Unknown Chaplin The Master at Work
Narrated by James Mason
Written and produced by Kevin Brownlow and David Gill
A&E Home Video 2005
Never having been a big fan of the little tramp but still interested in his work, especially the brilliant The Great Dictator, Unknown Chaplin, a Thames and A&E produced documentary on Charlie Chaplin and his work, was something I was mildly curious about. Unknown Chaplin is one of the most interesting, best put together, fun to watch movie-making documentaries I have seen in a long time. Logically enough, fans of the little tramp will probably be blown away by this 163 minutes feature on Charlie Chaplin, his story and his working methods just because of the sheer quality of this program. The fact Unknown Chaplin contains footage and rushes not seen in some seventy years is only part of the reason this is just a great DVD. Perhaps this is why it won an Emmy for Best Informational Series.
The first chapter of Unknown Chaplin is devoted to Charlie Chaplin’s sixteen month stint doing two-reelers at Mutual after he left the Mac Sennet Studio. Instead of showing the usual clips, this section uses rushes (out-takes) not seen in seventy years to show the master at work. This is a particularly important find because the little tramp was very secretive about his working technique and so little has been left for film historians and comedy fans to study. Chaplin improvised his movies and the few remaining rushes allow the fan, viewer, or student of filmmaking a behind-the-scenes look at how this great comic actor could do many takes before getting it just right. This section includes unseen footage from Easy Street, The Floorwalker and the first ever escalator joke, The Cure, The Adventurer, and Chaplin’s take on life at the Mac Sennet Studios titled Behind The Scenes. We also see out-takes from The Immigrants and The Adventurer.
Many of these out-takes show how Chaplin improvised his movies, usually starting with a premise and trying out various scenarios and gags throughout the day until things slowly meshed together. You see him start with an idea and drop it when something in the scene he is improvising gives him a totally new idea for a scene. You also see Charlie Chaplin wrestling with the possibilities of a single gag idea until it develops into a full-blown comic moment. This kind of lost footage may be invaluable to scholars and such but it is also great fun to watch for fans of the silent comedy and Chaplin movies.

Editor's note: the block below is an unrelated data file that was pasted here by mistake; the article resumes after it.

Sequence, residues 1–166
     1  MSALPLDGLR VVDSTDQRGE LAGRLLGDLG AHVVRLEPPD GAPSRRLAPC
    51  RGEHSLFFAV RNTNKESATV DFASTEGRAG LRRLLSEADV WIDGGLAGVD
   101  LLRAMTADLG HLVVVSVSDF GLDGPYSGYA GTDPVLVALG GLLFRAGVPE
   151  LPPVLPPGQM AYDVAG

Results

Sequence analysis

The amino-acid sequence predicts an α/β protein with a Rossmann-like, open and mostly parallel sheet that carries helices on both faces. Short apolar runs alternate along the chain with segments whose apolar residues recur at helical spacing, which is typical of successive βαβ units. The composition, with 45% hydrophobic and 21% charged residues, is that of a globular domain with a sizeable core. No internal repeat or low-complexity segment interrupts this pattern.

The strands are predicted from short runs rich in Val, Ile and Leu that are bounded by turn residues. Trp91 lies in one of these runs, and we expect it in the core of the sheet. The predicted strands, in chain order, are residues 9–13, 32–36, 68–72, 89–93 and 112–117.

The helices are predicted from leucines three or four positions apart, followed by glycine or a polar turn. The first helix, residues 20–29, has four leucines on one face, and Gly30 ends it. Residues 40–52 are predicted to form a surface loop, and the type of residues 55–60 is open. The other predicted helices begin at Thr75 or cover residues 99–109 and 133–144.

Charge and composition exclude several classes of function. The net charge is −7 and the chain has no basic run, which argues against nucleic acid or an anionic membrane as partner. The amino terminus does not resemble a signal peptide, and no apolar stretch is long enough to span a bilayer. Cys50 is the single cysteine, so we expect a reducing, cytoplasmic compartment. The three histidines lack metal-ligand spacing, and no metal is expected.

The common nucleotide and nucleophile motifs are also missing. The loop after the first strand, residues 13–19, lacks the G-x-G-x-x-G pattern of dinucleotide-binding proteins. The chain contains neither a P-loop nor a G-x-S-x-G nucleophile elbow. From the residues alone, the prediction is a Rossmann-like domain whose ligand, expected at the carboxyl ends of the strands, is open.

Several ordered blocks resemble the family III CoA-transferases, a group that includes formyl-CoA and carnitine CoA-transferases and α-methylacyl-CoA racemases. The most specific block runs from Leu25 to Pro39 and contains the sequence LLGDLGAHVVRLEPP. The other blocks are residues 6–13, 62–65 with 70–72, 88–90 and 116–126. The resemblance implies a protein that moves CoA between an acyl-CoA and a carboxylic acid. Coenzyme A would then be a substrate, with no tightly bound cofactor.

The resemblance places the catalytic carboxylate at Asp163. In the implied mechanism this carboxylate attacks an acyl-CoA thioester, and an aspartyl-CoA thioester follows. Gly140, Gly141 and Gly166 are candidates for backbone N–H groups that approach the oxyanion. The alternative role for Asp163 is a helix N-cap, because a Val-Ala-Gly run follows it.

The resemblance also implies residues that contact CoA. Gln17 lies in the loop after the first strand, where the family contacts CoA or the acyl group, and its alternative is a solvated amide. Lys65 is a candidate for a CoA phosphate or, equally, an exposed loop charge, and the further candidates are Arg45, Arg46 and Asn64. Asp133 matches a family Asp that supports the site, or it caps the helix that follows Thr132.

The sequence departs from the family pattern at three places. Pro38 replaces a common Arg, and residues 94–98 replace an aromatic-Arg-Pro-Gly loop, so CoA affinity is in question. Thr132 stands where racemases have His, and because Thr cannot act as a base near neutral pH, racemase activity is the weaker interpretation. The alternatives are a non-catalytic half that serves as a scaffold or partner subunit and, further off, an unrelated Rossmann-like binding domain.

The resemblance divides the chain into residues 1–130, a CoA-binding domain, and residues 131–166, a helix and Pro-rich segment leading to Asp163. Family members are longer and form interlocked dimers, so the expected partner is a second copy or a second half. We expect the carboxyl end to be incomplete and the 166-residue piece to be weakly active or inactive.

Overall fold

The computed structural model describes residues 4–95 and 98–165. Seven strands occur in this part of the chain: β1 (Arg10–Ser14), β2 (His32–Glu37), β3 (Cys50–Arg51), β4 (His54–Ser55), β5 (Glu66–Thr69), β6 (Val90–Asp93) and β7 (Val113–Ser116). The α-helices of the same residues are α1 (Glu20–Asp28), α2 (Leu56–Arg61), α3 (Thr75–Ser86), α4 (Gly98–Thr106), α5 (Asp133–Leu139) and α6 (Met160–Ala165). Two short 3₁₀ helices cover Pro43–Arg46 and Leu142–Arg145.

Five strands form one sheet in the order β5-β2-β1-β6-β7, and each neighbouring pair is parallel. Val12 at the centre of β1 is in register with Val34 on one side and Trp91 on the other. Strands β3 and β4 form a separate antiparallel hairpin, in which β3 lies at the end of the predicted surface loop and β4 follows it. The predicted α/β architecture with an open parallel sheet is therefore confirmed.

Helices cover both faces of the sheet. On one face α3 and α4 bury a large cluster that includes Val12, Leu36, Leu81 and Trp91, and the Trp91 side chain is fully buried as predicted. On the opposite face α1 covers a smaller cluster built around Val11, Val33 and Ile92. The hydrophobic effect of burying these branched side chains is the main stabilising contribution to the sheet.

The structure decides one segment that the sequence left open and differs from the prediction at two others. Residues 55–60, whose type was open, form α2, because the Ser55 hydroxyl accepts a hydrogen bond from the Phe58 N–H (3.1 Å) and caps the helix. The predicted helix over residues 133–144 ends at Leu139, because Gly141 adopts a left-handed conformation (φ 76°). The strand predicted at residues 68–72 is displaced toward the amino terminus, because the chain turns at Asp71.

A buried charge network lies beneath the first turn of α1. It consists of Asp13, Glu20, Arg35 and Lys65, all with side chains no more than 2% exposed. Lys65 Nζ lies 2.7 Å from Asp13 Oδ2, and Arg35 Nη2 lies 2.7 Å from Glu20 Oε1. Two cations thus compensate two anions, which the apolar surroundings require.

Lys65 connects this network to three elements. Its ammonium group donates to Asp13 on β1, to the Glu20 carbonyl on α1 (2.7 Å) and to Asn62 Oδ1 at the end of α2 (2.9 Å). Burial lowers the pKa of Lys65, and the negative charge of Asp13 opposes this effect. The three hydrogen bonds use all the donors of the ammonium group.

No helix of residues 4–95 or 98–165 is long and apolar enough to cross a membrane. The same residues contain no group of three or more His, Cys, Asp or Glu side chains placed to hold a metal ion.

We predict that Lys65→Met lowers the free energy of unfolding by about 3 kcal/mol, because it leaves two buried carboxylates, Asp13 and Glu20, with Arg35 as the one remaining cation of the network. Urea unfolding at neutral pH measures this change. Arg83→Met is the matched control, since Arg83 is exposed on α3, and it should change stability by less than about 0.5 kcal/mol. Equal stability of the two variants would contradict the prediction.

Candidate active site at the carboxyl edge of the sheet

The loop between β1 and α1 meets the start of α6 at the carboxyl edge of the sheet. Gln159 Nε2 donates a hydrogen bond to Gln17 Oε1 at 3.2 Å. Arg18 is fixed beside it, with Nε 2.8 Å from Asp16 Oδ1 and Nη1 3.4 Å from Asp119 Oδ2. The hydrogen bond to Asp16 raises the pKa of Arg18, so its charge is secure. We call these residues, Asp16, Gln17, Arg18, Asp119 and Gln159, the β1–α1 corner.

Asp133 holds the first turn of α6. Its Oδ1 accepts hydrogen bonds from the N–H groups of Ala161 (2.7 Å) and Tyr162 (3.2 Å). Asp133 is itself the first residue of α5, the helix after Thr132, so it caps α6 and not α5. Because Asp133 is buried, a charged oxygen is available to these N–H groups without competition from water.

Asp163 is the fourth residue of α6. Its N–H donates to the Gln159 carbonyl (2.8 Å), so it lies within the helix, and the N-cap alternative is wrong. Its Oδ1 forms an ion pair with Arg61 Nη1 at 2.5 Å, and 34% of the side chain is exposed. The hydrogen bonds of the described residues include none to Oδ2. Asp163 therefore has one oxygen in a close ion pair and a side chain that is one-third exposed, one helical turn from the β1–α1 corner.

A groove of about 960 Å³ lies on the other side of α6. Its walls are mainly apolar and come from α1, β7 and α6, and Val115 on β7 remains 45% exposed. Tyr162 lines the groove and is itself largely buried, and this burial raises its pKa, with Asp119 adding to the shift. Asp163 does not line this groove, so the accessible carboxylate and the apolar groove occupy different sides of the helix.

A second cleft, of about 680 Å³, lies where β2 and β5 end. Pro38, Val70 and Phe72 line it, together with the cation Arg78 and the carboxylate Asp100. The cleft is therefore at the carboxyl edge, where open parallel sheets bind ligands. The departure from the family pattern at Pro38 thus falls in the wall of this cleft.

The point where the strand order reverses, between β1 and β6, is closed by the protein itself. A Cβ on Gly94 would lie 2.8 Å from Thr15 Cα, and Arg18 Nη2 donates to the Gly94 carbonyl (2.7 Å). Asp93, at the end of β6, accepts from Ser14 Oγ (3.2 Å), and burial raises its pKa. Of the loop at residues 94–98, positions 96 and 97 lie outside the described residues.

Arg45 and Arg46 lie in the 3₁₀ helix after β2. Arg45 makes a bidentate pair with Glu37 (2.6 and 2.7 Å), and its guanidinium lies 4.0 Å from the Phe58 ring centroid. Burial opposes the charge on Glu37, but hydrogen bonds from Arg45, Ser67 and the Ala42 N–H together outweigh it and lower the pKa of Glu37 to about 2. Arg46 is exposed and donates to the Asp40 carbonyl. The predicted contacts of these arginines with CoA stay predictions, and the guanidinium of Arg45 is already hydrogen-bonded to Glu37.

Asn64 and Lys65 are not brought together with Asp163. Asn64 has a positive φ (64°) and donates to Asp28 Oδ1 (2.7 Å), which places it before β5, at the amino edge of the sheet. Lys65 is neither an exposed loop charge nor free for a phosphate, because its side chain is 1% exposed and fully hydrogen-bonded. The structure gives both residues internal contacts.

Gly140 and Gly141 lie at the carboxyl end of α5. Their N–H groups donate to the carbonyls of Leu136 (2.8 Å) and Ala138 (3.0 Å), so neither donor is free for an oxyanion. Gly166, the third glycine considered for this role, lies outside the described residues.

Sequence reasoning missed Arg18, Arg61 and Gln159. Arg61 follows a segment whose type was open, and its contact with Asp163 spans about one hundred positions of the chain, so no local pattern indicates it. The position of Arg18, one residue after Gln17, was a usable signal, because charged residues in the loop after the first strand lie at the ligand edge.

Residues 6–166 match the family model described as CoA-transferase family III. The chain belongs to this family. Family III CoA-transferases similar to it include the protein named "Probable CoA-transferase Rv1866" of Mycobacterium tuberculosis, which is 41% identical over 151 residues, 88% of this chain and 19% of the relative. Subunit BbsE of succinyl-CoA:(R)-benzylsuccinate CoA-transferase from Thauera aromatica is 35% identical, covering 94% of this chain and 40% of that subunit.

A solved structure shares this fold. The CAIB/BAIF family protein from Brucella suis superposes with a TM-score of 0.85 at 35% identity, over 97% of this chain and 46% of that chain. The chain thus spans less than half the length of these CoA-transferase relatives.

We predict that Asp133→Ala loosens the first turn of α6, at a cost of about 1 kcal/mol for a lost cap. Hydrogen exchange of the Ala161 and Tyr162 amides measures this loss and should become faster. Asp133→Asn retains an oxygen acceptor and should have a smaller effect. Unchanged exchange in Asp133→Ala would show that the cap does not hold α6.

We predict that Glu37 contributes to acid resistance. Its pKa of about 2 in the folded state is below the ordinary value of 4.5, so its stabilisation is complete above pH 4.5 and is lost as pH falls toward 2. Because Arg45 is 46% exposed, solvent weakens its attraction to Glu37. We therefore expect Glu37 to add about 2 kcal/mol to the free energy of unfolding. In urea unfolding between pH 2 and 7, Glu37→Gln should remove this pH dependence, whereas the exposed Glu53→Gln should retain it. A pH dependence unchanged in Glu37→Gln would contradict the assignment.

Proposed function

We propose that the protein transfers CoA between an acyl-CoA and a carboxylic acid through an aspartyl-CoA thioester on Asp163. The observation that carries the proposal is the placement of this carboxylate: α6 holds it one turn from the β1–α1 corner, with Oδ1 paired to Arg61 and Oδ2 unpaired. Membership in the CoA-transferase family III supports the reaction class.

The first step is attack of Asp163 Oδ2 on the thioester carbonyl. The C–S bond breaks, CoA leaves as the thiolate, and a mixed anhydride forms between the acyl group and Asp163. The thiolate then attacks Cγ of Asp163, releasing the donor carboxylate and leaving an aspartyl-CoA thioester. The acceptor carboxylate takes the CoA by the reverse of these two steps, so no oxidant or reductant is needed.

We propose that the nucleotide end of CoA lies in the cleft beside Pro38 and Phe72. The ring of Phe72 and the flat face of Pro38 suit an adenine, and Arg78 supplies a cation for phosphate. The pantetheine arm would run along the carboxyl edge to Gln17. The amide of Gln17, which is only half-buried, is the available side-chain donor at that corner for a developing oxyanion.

The second chapter of Unknown Chaplin, The Great Director, covers the period from Chaplin’s years at First National starting in 1918 to his 1931 classic City Lights, a movie that took two years to make. This chapter includes interview segments with Jackie Coogan of The Kid, Dean Reasmer (The Pilgrim), Lita Grey Chaplin (who played an angel in The Kid and was in The Gold Rush for a while to be replaced by another future Mrs. Chaplin, Georgia Hale. A lot of time is spent on the filming problems of City Lights with Virginia Cherril (the flower girl). Although there is rare footage of Chaplin directing, the second chapter is, relatively speaking, not as magic as the first. Perhaps this is because the documentary makers used interviews to fill in the blanks instead of archive footage that allows the viewer to fill in the blanks by himself.
The Hidden Treasures section of the Unknown Chaplin DVD is just as magic as chapter one. A home movie by Douglas Fairbanks shows Charlie Chaplin playing the clown and coming up with an idea he would use to great effect in The Great Dictator. Other films from the Chaplin Vault show unfinished or barely started silent movies like The Professor, home movies part of Chaplin’s unreleased How To Make Movies that include improvised scenes with visitors to the studio lot including Grand Prince Fredrick of Denmark, boxing champion Benny Leonard, and British music hall legend Harry Lauder who improvises a scene Chaplin would use some ten years later in one of his own movies. Chaplin, it seems, might have discarded footage but never an idea in itself. This chapter also includes a very funny discarded barbershop scene from Sunnyside that was the inspiration for a similar scene in The Great Dictator.
The gems in Hidden Treasures are Twin Attractions, a complete short the producers had the intelligence to give no voice over with involving twin boxers one of whom picks on the little tramp in a restaurant. The other gem is Modern Age which includes a deleted street-crossing scene from Modern Times and the original opening sequence to City Lights with a re-recorded Chaplin score.
Special features on Unknown Chaplin include The Story Behind Unknown Chaplin, The Making of The Count (an analysis with a film historian) and the short Chaplin Meets Harry Lauder.
Unknown Chaplin is a must have for any silent film buff and a very interesting watch for anybody who is interested in movies in general.
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